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Tech feature - March 5, 2006

North American Handmade Bicycle Show 2006, part 2

Proving that you can never have too much stainless steel
Photo ©: James Huang
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The builders at Peacock Groove Cycles
Photo ©: James Huang
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Joseph Ahearne crafted this
Photo ©: James Huang
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John Murphy of Columbine Cycles
Photo ©: James Huang
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As a play on his name
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Digital, shmigital.
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Chris Dekerf’s signature
Photo ©: James Huang
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In homage to their name, Mint Cycles
Photo ©: James Huang
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If it looks like a Chris King
Photo ©: James Huang
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When a regular handlebar
Photo ©: James Huang
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Seen anything like this before?
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Lugwork like this
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Christopher Igleheart
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Waterford Precision Cycles
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From afar
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A track tandem?
Photo ©: James Huang
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Day Two - Details, details, details

Don't blink, or you might miss it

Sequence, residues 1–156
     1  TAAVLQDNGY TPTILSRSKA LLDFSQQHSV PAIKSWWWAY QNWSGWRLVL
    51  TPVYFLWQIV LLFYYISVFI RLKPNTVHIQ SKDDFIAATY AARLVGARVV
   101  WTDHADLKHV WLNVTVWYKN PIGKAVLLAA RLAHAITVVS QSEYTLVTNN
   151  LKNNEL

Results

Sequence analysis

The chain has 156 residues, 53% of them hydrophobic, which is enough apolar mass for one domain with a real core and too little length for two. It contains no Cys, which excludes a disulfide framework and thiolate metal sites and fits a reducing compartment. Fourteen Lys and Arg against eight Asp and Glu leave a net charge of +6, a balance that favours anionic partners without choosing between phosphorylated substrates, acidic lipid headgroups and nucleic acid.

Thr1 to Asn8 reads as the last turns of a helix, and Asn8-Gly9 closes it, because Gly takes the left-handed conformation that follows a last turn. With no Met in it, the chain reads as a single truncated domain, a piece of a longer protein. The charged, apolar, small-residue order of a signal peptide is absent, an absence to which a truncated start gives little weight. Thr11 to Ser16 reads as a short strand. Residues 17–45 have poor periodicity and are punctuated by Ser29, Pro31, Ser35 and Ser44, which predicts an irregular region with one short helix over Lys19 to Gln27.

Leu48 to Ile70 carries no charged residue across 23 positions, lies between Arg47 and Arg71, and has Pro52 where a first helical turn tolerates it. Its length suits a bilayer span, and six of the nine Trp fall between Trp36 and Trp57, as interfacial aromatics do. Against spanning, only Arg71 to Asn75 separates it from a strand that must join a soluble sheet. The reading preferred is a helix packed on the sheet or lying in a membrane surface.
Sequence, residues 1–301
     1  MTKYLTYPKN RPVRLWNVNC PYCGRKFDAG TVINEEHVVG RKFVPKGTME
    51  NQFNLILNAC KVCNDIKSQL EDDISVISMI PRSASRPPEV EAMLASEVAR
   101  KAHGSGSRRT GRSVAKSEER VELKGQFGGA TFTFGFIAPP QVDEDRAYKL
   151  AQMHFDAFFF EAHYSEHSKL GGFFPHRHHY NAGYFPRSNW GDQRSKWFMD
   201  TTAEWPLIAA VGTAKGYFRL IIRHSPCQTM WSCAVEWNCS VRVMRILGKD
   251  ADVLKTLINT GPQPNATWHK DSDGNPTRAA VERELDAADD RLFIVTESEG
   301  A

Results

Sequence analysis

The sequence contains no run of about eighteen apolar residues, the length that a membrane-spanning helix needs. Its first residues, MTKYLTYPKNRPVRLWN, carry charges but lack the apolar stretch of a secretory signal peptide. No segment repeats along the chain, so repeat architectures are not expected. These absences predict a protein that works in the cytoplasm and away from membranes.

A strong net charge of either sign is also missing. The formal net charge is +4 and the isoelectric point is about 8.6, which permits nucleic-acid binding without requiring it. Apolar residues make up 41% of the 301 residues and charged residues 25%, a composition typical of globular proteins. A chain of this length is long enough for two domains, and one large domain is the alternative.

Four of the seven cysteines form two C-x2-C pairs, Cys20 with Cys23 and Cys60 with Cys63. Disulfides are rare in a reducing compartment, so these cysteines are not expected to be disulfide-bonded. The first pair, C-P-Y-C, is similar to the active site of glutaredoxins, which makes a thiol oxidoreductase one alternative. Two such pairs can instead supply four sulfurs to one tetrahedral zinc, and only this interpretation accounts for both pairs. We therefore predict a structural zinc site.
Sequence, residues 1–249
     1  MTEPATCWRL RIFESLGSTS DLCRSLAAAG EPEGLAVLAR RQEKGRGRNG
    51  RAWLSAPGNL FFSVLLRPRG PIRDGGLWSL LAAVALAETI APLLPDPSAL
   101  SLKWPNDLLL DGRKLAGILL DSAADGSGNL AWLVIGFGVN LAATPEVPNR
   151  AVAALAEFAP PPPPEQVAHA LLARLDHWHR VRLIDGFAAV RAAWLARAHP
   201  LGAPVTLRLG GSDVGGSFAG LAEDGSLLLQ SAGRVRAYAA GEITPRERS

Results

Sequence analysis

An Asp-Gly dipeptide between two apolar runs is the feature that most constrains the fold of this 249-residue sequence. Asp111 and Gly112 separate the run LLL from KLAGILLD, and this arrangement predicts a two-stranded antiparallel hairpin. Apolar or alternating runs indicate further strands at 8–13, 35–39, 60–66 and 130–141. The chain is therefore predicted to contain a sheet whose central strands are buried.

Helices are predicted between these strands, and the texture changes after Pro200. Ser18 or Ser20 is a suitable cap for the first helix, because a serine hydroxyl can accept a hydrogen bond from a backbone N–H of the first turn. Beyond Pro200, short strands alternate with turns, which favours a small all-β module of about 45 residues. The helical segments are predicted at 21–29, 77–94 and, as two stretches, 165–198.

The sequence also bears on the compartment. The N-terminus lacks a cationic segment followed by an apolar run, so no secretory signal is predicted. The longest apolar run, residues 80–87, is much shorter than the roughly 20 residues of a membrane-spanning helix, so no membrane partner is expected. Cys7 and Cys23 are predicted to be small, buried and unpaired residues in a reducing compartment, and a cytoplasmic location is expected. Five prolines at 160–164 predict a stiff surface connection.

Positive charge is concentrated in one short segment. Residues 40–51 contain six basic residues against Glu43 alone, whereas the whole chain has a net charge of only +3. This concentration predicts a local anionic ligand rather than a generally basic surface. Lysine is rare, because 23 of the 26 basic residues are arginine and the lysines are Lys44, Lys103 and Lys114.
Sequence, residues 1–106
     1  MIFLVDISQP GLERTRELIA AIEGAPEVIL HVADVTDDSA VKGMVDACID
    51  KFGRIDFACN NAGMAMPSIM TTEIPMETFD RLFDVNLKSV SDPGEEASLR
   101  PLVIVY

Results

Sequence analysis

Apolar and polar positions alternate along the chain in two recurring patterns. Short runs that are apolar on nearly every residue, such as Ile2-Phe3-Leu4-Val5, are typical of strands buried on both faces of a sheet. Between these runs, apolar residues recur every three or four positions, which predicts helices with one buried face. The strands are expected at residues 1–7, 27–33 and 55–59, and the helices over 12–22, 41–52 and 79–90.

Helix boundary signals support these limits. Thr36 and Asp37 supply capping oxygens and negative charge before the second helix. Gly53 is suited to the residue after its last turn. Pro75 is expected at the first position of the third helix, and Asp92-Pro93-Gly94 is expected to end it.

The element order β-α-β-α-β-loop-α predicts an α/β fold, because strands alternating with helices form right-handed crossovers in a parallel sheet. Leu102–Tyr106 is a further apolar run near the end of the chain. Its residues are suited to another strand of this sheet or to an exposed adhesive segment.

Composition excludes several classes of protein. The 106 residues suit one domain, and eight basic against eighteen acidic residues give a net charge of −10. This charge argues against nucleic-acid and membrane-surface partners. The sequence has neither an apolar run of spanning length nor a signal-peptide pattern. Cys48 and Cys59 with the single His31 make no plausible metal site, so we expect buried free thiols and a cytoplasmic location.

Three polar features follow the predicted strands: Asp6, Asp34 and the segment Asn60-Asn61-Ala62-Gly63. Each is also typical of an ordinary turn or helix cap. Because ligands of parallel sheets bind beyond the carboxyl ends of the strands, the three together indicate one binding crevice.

James Huang continues our coverage of the North American Handmade Bicycle Show with a look at the many fine details that artisan builders use to set their bikes apart - to the point where some of them are rolling works of art. Part 1 is here.

The halls of NAHBS are filled with bicycles that are utterly beautiful on a number of different levels, and a patient gaze and sharp eye are well-rewarded here. From a distance, the clean lines and flawless finish draw your attention but a closer inspection reveals the endless array of fine detail on these creations which is often what really sets these machines apart from your typical production bicycle.

As you would guess, this level of intricacy requires an inordinate amount of time and patience that simply can not be achieved with mass manufacturing, at least not with the degree of personal involvement that often accompanies these works of art. Handmade bicycles are just that; they are made by hand, one at a time. There is no assembly line, no time clock and no shift manager. The only 'robots' involved require regular food and drink, and some builders, such as Tom Oswald, even profess to using only hand-operated tools. Thankfully, the nature of the handmade industry, particularly the end consumers who are willing to pay the premiums and can appreciate the artistry, will generally accommodate however much time is required to achieve the end result.

These fine details not only require a patient and steady hand, but also the creativity and aesthetic sense to ensure that they are not only pleasing to the eye but also contribute to the overall package. Just as you can have too much makeup or jewelry, a little too much embellishment can come off as gaudy or ostentatious. Just the right amount of the proper pieces assembled in the right way, though, produces a whole that is definitely greater than the sum of its parts.

Photography

For a thumbnail gallery of these images, click here

Images by James Huang/Cyclingnews.com